4. The Blind Watchmaker: Why the evidence of evolution reveals a universe without design (1987) Richard Dawkins
  5. Shadows of Forgotten Ancestors (1992) Carl Sagan & Ann Druyan
  6. The Third Chimpanzee: The evolution and future of the human animal (1992) Jared Diamond
  7. The Moral Animal: Evolutionary psychology and everyday life (1994) Robert Wright
  8. Survival of the Prettiest: The science of beauty (1999) Nancy Etcoff
  9. Evolutionary Psychology: The new psychology of the mind (1999) David M. Buss
  10. Why Sex Matters: A Darwinian look at human behavior (2000) Bobbi S. Low
  11. The Dangerous Passion: Why jealousy is as necessary as love and sex (2000) David M. Buss
  12. Election 2016: The great divide, the great debate (2018) Mark Jabbour
Some of my favorite books on human nature and behavior.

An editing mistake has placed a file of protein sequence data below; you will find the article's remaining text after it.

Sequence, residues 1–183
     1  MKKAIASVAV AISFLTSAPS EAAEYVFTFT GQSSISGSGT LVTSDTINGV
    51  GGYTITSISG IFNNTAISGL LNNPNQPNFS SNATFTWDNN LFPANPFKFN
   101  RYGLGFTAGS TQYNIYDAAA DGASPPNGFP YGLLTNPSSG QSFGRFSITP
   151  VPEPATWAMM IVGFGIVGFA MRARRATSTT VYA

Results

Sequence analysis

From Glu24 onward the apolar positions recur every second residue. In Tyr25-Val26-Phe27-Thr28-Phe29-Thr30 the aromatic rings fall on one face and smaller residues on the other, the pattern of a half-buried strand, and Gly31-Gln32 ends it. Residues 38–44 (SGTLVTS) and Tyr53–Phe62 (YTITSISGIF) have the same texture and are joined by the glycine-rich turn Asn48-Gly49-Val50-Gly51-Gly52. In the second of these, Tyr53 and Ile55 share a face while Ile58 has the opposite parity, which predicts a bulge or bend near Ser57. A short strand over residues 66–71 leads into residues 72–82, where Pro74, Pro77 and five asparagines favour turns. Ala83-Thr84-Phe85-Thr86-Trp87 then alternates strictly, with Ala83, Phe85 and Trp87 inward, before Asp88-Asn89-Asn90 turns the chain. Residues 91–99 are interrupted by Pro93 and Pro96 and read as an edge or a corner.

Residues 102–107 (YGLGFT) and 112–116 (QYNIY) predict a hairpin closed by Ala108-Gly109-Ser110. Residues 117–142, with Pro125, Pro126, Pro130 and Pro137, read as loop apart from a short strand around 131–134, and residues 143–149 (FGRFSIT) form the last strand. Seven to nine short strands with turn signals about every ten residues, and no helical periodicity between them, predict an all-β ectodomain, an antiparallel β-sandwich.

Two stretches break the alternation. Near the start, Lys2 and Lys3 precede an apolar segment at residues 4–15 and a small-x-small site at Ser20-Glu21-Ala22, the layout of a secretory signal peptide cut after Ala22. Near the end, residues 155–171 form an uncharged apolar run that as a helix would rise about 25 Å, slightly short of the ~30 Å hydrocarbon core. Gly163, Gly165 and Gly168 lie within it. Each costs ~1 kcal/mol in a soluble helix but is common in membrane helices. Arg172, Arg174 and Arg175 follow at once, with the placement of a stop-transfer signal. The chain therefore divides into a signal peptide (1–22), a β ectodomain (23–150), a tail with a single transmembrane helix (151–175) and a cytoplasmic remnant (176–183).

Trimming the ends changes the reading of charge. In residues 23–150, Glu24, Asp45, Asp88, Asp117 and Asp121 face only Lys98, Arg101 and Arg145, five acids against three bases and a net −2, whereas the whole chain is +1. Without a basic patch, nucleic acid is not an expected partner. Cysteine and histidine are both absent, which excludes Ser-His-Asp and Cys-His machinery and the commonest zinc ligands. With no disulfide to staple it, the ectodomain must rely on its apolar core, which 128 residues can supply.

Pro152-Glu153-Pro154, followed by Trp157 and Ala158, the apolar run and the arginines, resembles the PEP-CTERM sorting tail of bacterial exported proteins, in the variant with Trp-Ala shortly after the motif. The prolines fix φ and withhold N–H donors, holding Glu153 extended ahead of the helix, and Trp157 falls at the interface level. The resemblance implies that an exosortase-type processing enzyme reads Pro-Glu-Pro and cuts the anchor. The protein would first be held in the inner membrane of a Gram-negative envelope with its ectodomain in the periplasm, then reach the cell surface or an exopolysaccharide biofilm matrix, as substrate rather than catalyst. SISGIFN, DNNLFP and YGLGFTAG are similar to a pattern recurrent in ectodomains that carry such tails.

Ten from my bookshelf


of course, has costs. It’s not free. Today, as always, if you strike out on your own your survival chances diminish. One of my favorite lines from Game of Thrones is, “When Winter comes, the lone wolf dies, but the pack survives.”

So if you choose to read “on your own” these branded books:

[as racist, sexist, xenophobic]

be prepared to endure “cancellation” from your tribe, be it Left or Right. Recall, at the end of GoT, Jon Snow was banished to The  Wall, even though he was the legitimate heir to the throne.


In Conclusion

I wish wishing made it true; but that just isn’t so. Is it? Like the Golden Rule there are a lot of moral truisms that have been around since before we had the means to record them. If only … . But here we are on the brink of a catastrophic world war. This time, it’ll be the war to end all wars.

Does therapy work? Sometimes for some. I think Jung was right. Freud, too. Robert Wright is right, also. I’ve been in psychotherapy for over six years now. At one point Psych-girl suggested I read Viktor Frankl’s Man’s Search For Meaning. I did.

I wanted to suggest to her she read Chris Hedges’s War Is a Force that Gives Us Meaning. But I didn’t. Somewhere between those two books is a shaky balance. She’s got a bookshelf full of books she’s read, and I’ve got mine. Are you what you read?